If Dustin Johnson isn’t careful, the world will see right through that devil-may-care disguise he’s been wearing for more than a dozen years. If he keeps showing such determination to add new titles to his portfolio, as he did at this Tour Championship, we’re going to start mistaking him for someone who takes this golf thing as serious art.

“Yeah, I was nervous,” Johnson said of how he felt on the first tee Monday. Even though he sure didn’t show it.

“I always get nervous because it means something,” he said.

But it was with an outward cold-blooded efficiency that Johnson closed out a FedEx Cup title Monday at East Lake, rousing a nervy par-save here and a for-good-measure birdie there on No. 18 to hold off Justin Thomas and Xander Schauffele by three shots. Any perceived drama at the close was illusory.

He did not shoot the lowest score here this week – that was Schauffele, who loves this place like a blood relative. He went 67-65-67-66 (15 under), compared with the 11 under of Johnson and Thomas, but could not overcome the advantage Johnson had coming in as the FedEx Cup points leader.

It’s been such a big month for Johnson that he should be listed on the Dow Jones by now. With the $15 million he earned Monday added atop what he made by finishing second at the PGA Championship and first and second in the opening two playoff events, that’s $18.7 million he has cleared since mid-August.

Insert obligatory money-is-secondary quote here: “Well, at this stage of my career I’m fortunate enough where I don’t need to think about (money). It’s all about winning and the trophies. The money – I don’t really care about that. I want to win tournaments, and I want to win trophies.” This was the 23rd big PGA Tour trophy he has claimed.

To think, when golf took its coronavirus break in March, Johnson ranked 111th in FedEx Cup points. And when he arrived here, he was the leader and placed atop the Tour Championship leaderboard at 10 under before he hit his first shot. Dustin Johnson getting strokes? That’s like the wolf getting three steps on the lamb.

But those are the rules of this jungle, and in a way that made Johnson want this title all the more. He has been to this event 11 other times, had some outside shots at winning the big prize, but never came like this year as the clear favorite.

The easygoing Johnson doesn’t exactly reek of determination, but it was written all over his past four days at East Lake. He wanted it. He went after it. Don’t get in his way.

“Obviously today I was in control of winning the trophy or not,” Johnson said, contrasting his position to other East Lake visits. “If I played well, I was going to win. If I didn’t, I wasn’t going to. I like that situation a lot better.”

Playing partner Schauffele surmised Sunday that he could start with three birdies and Johnson would barely blink. Well, he did get two in his first three holes, and indeed, Johnson was as unmoved as a Sphinx.

Entering the final round with a five-shot lead, Johnson saw it shrink a couple of times to as little as two shots. But he responded to each challenge.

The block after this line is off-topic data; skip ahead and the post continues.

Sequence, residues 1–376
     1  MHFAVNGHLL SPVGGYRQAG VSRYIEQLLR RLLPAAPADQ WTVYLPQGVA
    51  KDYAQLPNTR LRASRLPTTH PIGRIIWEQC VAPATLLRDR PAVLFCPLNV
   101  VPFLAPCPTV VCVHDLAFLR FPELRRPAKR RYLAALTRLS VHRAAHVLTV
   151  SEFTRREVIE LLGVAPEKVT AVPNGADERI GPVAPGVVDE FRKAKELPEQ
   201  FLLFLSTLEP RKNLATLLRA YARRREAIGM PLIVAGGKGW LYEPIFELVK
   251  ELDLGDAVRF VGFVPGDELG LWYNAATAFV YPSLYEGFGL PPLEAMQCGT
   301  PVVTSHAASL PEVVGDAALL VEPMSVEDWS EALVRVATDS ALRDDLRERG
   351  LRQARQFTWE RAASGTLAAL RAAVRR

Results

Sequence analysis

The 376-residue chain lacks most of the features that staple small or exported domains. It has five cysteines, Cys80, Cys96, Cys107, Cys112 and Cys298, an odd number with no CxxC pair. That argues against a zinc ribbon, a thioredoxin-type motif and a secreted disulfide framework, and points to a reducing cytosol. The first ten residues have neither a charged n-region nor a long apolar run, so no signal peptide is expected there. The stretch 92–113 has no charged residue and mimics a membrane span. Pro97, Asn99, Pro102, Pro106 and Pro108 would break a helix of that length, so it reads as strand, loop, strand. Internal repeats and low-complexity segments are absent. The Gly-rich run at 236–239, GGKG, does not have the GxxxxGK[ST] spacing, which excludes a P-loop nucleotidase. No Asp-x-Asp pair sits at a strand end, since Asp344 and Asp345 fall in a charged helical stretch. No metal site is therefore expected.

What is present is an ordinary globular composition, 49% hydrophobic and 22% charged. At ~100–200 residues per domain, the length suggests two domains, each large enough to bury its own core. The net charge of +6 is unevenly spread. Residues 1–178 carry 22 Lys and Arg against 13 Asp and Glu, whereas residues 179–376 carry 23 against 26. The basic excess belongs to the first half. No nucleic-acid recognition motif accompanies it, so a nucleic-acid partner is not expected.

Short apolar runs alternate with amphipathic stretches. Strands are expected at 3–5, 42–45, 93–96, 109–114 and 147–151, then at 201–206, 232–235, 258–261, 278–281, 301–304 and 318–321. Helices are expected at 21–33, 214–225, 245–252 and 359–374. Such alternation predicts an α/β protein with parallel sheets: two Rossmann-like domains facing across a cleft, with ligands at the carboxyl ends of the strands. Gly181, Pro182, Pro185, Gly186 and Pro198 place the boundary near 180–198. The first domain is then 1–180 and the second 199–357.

The day turned irrevocably Johnson’s way on the 13th hole, with Schauffele just two back. Johnson staring down a 21-foot putt to save par. His putt hurried across the green and was going either to find the hole or skitter to the Avondale MARTA station. It banged off the back of the hole and dropped.

“That was a big swing,” Schauffele said. “He’s here to win the tournament. He made that putt, which I didn’t. That was a pinnacle moment, I think.” Schauffele’s own 23-footer for par went wanting.

“Yeah, that putt was definitely kind of the turning point for me there on the back nine,” Johnson said. “You know, obviously it gave me the confidence and kind of kept the round going in the right direction. I hit some really quality shots really the rest of the way in. That was a big putt.”

Overcoming back-to-back bogeys on Nos. 7 and 8, Johnson was 1 under and bogey-free the closing 10 holes. Thomas and Schauffele were good – both shooting 66 on Monday. But not quite good enough once Johnson decided he wasn’t going to give back any more strokes.

Thomas can testify to the Johnson drive that no one sees. He played with him at the Memorial, when Johnson shot 80-80 and missed the cut. The next week, Johnson shot a first-round 79 and withdrew with reported back pain.

“I’ve never seen him as lost, anywhere remotely close to that lost,” Thomas said of Johnson’s state only a few months back. “He was grinding his butt off. He was putting so bad and playing so bad. But he never gave up. He wasn’t quitting. He was just trying to find it out there. Then next thing you know, what, two months later he’s the FedEx Cup champion and running away. I think that’s all you need to know about golf right there.”

It’s something to know about Johnson, for sure, and to factor into an otherwise low-key image.

He’s a major winner. A winner on Tour each year for 12 seasons. Now a FedEx Cup Champion.

Legacies like this can’t spring from indifference. They only grow in the rich loam of talent and effort and require constant tending. You don’t just shamble into a career like this.